It’s Time for Healthcare To Embrace Patient-Friendly Language

It’s Time for Healthcare To Embrace Patient-Friendly Language


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Recent regulations from the Office of the National Coordinator for Health IT (ONC) and Centers for Medicare & Medicaid Services (CMS) have, respectively, focused on prohibiting information blocking and increasing price transparency. Together, these two regulations have put a third issue into the spotlight as well: Reducing the complexity of clinical terminology.

If organizations present medical records, cost data, and descriptions of billing codes to patients without providing context or stripping out medical jargon, then the information is potentially subject to regulatory penalties. It’s also of little benefit to patients who had hoped to use the information to manage their health or search for medical services.

That means providing more patient-friendly terminology is more than just a compliance checkbox. Increasingly, it’s a competitive differentiator – and it can help drive clinical improvements.  The challenge is to provide this more patient friendly vocabulary, without losing the fine detail and complexity necessary to provide the best care.

The regulatory push for increased access

Three regulations that have gone into effect in the last three years have shed light on the federal government’s push to provide patients with access to information.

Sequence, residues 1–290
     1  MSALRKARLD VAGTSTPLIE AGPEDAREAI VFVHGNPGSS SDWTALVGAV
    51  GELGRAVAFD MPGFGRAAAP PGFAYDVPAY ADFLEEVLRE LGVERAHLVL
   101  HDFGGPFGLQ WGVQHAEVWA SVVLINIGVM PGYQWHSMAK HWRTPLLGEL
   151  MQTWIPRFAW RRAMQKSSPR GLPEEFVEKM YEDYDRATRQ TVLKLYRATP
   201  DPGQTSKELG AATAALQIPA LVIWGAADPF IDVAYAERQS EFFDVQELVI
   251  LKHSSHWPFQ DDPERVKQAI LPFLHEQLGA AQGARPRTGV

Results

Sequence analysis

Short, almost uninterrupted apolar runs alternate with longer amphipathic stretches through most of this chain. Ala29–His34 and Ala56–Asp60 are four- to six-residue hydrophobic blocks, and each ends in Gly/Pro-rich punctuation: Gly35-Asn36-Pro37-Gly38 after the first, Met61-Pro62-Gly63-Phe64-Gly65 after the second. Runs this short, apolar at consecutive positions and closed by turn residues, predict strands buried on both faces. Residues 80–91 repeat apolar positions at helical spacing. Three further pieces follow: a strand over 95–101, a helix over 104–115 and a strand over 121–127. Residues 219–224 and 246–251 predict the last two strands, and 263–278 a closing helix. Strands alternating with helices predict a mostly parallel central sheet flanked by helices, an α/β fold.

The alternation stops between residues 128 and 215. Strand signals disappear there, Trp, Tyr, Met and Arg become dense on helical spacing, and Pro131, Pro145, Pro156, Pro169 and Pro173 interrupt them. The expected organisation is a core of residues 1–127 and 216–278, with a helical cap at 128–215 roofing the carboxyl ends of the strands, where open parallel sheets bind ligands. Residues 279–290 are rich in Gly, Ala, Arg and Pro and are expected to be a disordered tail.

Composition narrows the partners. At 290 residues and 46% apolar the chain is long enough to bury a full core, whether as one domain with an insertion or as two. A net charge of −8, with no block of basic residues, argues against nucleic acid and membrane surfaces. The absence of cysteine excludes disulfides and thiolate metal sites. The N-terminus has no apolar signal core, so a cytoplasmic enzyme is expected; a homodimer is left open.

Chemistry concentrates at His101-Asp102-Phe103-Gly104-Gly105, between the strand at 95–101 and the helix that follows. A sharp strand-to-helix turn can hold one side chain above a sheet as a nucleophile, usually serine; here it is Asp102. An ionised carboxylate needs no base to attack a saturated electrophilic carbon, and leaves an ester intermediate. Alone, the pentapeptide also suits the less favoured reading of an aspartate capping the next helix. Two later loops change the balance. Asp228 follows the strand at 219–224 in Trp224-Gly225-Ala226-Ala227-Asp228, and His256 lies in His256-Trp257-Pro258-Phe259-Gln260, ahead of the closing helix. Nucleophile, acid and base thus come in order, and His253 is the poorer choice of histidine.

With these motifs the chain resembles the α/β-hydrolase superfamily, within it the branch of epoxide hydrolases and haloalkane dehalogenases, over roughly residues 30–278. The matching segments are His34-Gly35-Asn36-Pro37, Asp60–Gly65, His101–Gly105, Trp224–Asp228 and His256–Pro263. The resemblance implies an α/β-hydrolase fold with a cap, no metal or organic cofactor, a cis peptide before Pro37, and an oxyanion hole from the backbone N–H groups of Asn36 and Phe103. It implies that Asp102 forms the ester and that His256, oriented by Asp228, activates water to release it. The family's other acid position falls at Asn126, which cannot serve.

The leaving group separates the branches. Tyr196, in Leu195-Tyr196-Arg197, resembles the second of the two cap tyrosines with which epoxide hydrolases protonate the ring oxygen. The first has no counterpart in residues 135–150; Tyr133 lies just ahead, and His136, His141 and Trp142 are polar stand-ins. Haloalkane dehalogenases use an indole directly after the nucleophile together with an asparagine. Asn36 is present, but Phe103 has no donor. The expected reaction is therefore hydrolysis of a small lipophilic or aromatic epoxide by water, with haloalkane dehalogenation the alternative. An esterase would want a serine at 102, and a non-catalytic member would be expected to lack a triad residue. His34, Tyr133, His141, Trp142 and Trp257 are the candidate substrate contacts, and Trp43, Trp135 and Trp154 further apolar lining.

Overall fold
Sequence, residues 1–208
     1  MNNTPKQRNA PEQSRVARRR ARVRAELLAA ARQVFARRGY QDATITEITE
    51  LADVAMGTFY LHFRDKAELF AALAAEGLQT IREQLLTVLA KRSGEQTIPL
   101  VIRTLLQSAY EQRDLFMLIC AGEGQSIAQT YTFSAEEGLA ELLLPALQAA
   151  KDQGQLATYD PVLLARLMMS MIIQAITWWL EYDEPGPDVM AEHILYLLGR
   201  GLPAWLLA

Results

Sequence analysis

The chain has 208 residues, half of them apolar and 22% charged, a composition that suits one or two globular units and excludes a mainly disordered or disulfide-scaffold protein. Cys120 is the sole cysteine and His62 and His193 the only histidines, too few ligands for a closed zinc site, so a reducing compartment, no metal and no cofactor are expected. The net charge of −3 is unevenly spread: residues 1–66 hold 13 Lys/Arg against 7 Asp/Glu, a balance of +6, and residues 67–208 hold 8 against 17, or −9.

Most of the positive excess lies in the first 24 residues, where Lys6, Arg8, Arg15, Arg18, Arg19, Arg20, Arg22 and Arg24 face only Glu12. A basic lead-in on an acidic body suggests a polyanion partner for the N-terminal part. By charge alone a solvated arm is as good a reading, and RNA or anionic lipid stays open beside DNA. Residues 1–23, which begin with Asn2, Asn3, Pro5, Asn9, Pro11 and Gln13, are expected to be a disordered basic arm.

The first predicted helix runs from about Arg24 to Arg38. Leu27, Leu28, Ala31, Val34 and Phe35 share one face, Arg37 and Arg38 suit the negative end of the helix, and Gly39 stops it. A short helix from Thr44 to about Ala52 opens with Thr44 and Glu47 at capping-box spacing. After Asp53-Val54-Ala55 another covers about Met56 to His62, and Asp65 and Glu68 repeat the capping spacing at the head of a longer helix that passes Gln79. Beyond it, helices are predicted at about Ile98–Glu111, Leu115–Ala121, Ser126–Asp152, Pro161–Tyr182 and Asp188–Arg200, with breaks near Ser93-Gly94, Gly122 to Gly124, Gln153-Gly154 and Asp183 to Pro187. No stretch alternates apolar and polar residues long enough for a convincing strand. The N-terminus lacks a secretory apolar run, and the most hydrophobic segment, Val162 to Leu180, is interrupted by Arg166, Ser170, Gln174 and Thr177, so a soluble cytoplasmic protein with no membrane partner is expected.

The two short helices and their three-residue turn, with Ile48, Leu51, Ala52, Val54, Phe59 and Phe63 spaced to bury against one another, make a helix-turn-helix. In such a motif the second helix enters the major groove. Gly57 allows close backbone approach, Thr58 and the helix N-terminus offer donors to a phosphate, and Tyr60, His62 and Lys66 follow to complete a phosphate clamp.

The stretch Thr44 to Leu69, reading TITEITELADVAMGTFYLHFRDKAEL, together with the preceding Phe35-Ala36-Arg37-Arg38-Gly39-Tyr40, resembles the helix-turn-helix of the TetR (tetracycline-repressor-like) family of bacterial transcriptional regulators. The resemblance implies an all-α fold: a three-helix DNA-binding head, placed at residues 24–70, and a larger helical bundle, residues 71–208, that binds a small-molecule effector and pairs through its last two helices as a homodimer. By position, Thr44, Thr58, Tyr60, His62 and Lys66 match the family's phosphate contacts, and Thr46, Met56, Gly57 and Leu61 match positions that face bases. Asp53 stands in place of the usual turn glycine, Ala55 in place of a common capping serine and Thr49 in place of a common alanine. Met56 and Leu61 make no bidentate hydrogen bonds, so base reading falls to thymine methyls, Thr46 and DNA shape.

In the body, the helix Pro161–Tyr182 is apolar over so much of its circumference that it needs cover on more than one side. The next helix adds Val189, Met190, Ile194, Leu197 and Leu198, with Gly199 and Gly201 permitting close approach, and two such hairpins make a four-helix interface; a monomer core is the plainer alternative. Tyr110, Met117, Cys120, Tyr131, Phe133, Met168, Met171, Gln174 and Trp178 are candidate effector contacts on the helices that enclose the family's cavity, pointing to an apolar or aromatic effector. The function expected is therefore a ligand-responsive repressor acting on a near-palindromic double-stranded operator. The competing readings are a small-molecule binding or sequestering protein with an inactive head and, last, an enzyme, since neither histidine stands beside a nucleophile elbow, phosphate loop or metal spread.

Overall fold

Two rules from CMS require price transparency and easy-to-read information from providers and payers. As of October 2020, most health plans are required to disclose costs in a machine-readable format that also includes descriptions of typically cryptic billing codes in plain-language descriptions. Likewise, as of January 2021 hospitals must share prices online and provide plain-language descriptions of available services. The message here is clear: Patients need to know what they’re paying for.

In addition, there’s the 21st Century Cures Act Information Blocking Rule. Initially applied to a narrow definition of electronic health information, in October 2022 ONC expanded the scope of the rule to cover all clinical records used to make clinical decisions, including imaging scans, lab test results, and unstructured clinical notes. This rule also has a clear message: patients have a right to access their medical information so they can make more informed decisions.

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Access and accessibility aren’t the same

All three regulations have good intentions, but they unfortunately demonstrate an all-too-familiar refrain in healthcare. Access to information is one thing, but accessibility is another.

Take the information blocking rule, which doesn’t indicate how information should be presented to patients. An organization can comply with the rule by sharing images or notes directly in an electronic health record (EHR) patient portal, but there’s no requirement to explain terms like ureterolithotomy or indicate that impressive radiology is, in fact, a negative outcome.